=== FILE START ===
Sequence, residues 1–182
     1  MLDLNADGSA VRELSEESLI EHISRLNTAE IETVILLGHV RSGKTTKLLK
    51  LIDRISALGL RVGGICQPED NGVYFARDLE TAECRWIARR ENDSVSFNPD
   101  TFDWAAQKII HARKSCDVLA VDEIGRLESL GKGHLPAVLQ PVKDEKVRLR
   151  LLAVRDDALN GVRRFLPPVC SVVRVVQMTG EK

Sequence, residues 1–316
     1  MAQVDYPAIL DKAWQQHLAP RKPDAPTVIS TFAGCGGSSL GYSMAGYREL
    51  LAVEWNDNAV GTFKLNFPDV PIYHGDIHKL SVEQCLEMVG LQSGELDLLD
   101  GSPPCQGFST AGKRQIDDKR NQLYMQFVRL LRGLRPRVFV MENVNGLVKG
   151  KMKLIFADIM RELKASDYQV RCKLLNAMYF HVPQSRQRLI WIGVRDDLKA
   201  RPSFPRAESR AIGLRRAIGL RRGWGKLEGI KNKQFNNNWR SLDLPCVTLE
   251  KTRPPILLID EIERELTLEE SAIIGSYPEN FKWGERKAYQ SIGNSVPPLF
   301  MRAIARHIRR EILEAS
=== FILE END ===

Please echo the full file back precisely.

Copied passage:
Sequence, residues 1–182
     1  MLDLNADGSA VRELSEESLI EHISRLNTAE IETVILLGHV RSGKTTKLLK
    51  LIDRISALGL RVGGICQPED NGVYFARDLE TAECRWIARR ENDSVSFNPD
   101  TFDWAAQKII HARKSCDVLA VDEIGRLESL GKGHLPAVLQ PVKDEKVRLR
   151  LLAVRDDALN GVRRFLPPVC SVVRVVQMTG EK

Sequence, residues 1–316
     1  MAQVDYPAIL DKAWQQHLAP RKPDAPTVIS TFAGCGGSSL GYSMAGYREL
    51  LAVEWNDNAV GTFKLNFPDV PIYHGDIHKL SVEQCLEMVG LQSGELDLLD
   101  GSPPCQGFST AGKRQIDDKR NQLYMQFVRL LRGLRPRVFV MENVNGLVKG
   151  KMKLIFADIM RELKASDYQV RCKLLNAMYF HVPQSRQRLI WIGVRDDLKA
   201  RPSFPRAESR AIGLRRAIGL RRGWGKLEGI KNKQFNNNWR SLDLPCVTLE
   251  KTRPPILLID EIERELTLEE SAIIGSYPEN FKWGERKAYQ SIGNSVPPLF
   301  MRAIARHIRR EILEAS